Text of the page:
Invalidating environment borderline personality
Dialectical Behavior Therapy is an innovative method of treatment that has been developed specifically to treat this difficult group of patients in a way which is optimistic and which preserves the morale of the therapist.The technique has been devised by Marsha Linehan at the University of Washington in Seattle and its effectiveness has been demonstrated in a wealth of research in the past decade.
It was suffocating, frightening and debilitating."Even though people were being kind in saying those things ...what it actually ended up doing in this really counter-intuitive way was sort of invalidate my intense experience," she said."By someone saying to me, 'This is normal; everyone has this', the next thought that came in my mind was, 'Well why the hell am I struggling so much?'"Three-and-a-half years ago, Ms Mc Mullen was diagnosed with Borderline Personality Disorder.Linehan emphasizes that this theory is not yet supported by empirical evidence but the value of the technique does not depend on the theory being correct since the clinical effectiveness of DBT does have empirical research support.For most of her 30 years, Beth Mc Mullen has lived amidst a hectic swirl of emotional turmoil.About 1 to 2 per cent of the population has the illness, and about 10 per cent of patients will suicide if left untreated.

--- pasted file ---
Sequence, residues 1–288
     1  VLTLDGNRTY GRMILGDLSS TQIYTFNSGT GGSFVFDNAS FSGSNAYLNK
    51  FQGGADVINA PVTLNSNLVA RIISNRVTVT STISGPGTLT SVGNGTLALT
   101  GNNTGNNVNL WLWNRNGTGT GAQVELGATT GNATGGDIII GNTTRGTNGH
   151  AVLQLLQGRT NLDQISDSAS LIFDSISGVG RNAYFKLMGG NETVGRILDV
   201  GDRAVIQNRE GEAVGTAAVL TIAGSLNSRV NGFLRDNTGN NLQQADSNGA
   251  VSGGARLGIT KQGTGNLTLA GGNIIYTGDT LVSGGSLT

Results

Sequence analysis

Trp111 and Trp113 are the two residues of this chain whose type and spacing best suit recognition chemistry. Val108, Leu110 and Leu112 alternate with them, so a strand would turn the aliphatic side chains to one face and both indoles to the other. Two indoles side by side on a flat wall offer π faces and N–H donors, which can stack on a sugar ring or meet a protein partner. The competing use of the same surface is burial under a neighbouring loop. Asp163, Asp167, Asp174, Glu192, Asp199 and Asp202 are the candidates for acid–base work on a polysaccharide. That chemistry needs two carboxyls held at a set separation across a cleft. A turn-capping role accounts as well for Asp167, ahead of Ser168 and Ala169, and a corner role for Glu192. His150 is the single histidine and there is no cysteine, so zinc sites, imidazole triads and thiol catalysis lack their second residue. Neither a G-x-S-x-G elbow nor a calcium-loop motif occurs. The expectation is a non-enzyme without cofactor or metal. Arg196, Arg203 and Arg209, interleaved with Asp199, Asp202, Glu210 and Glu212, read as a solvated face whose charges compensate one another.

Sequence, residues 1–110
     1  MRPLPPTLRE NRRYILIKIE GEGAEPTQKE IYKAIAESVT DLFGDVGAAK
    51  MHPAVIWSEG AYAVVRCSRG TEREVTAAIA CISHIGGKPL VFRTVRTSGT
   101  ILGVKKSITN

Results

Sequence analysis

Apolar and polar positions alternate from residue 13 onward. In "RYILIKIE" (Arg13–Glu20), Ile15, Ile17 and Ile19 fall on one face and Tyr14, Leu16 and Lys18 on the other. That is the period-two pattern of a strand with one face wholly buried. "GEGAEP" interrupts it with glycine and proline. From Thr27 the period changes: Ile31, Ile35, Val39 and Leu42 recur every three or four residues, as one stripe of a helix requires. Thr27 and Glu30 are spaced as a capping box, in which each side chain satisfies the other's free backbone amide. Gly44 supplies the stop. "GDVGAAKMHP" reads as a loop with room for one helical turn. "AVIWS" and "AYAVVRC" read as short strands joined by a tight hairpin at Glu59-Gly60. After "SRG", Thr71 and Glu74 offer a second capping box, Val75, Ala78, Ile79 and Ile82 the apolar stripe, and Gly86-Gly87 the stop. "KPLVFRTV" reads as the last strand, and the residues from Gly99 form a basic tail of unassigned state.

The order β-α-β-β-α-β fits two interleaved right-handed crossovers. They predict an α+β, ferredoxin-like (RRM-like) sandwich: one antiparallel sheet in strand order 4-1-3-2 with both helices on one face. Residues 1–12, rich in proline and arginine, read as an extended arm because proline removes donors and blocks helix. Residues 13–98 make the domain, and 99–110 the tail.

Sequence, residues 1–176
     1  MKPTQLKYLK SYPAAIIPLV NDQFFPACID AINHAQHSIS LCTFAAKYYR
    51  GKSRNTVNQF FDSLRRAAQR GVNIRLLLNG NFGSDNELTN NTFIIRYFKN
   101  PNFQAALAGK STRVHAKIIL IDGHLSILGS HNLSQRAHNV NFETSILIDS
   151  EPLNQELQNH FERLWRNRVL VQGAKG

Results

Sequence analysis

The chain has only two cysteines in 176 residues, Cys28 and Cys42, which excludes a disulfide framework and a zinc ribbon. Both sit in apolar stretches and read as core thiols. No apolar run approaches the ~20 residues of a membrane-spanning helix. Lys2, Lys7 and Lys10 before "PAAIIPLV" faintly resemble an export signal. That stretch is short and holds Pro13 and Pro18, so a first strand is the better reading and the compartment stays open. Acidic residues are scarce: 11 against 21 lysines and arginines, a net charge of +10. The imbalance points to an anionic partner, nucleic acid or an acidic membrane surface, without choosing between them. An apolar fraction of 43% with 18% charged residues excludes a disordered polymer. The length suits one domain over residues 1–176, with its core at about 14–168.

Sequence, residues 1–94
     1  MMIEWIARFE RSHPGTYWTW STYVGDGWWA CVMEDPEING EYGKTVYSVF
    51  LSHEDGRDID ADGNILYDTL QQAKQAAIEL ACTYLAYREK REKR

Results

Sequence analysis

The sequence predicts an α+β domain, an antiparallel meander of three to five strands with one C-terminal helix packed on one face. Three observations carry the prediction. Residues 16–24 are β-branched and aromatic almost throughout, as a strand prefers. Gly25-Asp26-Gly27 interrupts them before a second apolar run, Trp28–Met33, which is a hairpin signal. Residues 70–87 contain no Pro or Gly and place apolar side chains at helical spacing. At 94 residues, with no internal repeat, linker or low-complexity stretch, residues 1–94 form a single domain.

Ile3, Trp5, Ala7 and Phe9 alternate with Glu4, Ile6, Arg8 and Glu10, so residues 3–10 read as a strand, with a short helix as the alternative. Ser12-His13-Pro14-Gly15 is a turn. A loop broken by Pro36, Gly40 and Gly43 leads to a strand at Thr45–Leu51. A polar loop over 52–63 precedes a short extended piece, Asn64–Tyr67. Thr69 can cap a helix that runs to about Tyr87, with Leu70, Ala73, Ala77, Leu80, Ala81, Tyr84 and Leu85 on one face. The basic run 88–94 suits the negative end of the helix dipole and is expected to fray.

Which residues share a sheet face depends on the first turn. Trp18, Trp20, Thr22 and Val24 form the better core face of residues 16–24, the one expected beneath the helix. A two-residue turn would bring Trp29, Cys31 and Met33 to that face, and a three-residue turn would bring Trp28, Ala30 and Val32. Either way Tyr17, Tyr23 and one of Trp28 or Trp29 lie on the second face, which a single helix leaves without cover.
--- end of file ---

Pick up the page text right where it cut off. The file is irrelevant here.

Ms Mc Mullen was initially diagnosed with a range of mental illnesses, including depression, anxiety and bipolar."Every day was just this huge emotional rollercoaster. I would take things really personally, not in an egotistical way, but in a self-damning way," she said."I got around hating myself, and needed to put on this face to the rest of the world that I was competent, capable and confident, but really underneath, I would be feeling that I didn't belong, and feeling that there was something deeply, fundamentally wrong with who I am."I thought that I was broken.
Dialectical Behavior Therapy is based on a bio-social theory of borderline personality disorder.
Linehan hypothesizes that the disorder is a consequence of an emotionally vulnerable individual growing up within a particular set of environmental circumstances which she refers to as the .
He said it was common for people with BPD to be more emotionally sensitive, and to have grown up in an 'invalidating' environment."Really it's a combination of nature and nurture," Prof Willcox said."If you have someone growing up in a world where their experience isn't being validated for various reasons, they'll grow up not learning how to regulate their emotions."Often when events occur in their lives, they have a very strong emotional response to what's going on.
In that moment of emotional deregulation, they will quite often go on to self harm as a way of regulating that emotion."To be diagnosed, people have to meet at least five of nine criteria.
They tend to have issues relating to others, managing their emotions, dealing with distress in their life, and have a poor sense of self.